Fault tolerance. All hardware, software, power supply and data files (optionally) are intentionally duplicated to provide a reliable, fail-safe environment. To provide data duplication the user only need specify FALLBACK on the MASTER statement.

Integration with the Teradata Engine

The NOMAD Interface for Teradata translates NOMAD commands into DBC/SQL statements sending as much of the work as possible to the Teradata Machine. Sorting and aggregation triggered by NOMAD's LIST command for reporting are performed on the Teradata Machine, with only the requested information shipped back to NOMAD.

The NOMAD Interface for Teradata supports the use of the DBC/SQL LONG VARCHAR data type, enabling you to maintain, manipulate and report long strings of textual data.

NOMAD's Interface handles requests to the Teradata Machine using the following techniques:


Only needed columns (data fields) are requested for processing.


All of NOMAD's reporting functions (except MEDIAN) are passed, in addition to the five basic SQL functions of MIN, MAX, SUM, AVG and COUNT.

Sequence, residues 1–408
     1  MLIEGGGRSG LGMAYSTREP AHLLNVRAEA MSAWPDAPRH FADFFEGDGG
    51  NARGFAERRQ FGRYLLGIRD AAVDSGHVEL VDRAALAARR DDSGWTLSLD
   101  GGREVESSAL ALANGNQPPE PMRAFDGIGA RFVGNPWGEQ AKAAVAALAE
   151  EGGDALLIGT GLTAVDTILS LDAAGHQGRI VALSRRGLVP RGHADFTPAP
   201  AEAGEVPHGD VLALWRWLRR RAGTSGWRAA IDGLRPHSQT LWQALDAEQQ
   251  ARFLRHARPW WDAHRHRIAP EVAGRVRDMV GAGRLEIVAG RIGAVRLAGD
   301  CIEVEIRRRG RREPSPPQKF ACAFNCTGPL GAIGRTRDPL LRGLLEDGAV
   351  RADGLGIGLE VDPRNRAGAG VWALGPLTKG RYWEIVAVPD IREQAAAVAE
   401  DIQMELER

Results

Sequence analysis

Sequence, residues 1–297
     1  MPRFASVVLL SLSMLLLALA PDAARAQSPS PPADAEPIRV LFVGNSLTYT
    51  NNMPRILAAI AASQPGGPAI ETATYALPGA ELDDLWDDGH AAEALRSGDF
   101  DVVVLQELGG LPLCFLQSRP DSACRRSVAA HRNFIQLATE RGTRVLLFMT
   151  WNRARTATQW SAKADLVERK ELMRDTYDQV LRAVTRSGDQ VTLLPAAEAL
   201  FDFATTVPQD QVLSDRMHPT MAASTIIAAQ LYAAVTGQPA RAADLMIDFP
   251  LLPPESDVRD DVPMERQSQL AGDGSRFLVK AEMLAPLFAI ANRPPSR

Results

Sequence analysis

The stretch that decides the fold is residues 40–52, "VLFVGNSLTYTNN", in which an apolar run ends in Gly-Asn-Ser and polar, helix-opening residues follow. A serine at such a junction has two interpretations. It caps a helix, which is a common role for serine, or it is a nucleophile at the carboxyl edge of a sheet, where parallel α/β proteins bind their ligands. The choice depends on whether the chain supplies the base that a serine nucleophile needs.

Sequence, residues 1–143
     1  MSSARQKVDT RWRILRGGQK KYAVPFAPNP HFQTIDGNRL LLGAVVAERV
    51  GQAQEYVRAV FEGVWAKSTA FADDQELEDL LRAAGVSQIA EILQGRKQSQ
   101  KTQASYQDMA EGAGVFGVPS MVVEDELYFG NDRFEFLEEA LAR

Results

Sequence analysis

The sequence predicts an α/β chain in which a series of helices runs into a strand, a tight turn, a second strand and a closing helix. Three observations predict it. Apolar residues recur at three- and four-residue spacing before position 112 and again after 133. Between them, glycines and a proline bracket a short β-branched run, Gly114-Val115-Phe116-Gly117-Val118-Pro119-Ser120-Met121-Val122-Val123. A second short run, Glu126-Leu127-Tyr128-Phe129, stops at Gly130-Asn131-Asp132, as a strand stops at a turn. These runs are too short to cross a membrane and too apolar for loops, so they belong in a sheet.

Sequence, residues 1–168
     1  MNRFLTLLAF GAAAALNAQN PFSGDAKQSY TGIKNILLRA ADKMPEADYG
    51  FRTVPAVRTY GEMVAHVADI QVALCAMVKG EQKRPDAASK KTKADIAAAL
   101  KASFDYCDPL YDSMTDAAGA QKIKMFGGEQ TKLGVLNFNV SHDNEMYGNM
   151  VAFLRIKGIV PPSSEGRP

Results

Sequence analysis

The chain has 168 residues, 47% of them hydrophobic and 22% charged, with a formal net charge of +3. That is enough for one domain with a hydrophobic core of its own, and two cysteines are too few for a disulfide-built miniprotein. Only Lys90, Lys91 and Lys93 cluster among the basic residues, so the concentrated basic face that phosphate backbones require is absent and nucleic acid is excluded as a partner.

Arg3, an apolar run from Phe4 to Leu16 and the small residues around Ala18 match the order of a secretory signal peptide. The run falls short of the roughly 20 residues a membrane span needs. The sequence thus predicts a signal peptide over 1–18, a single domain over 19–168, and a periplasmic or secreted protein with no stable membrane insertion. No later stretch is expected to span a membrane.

Data is requested in the proper sorted sequence; ascending or descending.

Selective Data Listing

Selective Data Listing: NOMAD's LOCATE and LIST WHERE commands are passed. SELECT expressions containing boolean expressions, as well as AMONG and CONTAINS are also passed. DATE data items are also passed to the DBC/1012, a very useful feature for users accessing time-series data.

Data Maintenance

Global data maintenance is performed by sending set calls for CHANGE and DELETE as a single transaction, rather than processing a single record at a time. NOMAD performs global data maintenance through single commands such as CHANGE WITHIN DATABASE, DELETE WITHIN DATABASE and CHANGE WHERE, while other fourth-generation languages typically require dozens of lines of code to perform the same processing.

Relational Enhancements

The NOMAD Interface for Teradata extends DBC/SQL's handling of the relational model by providing: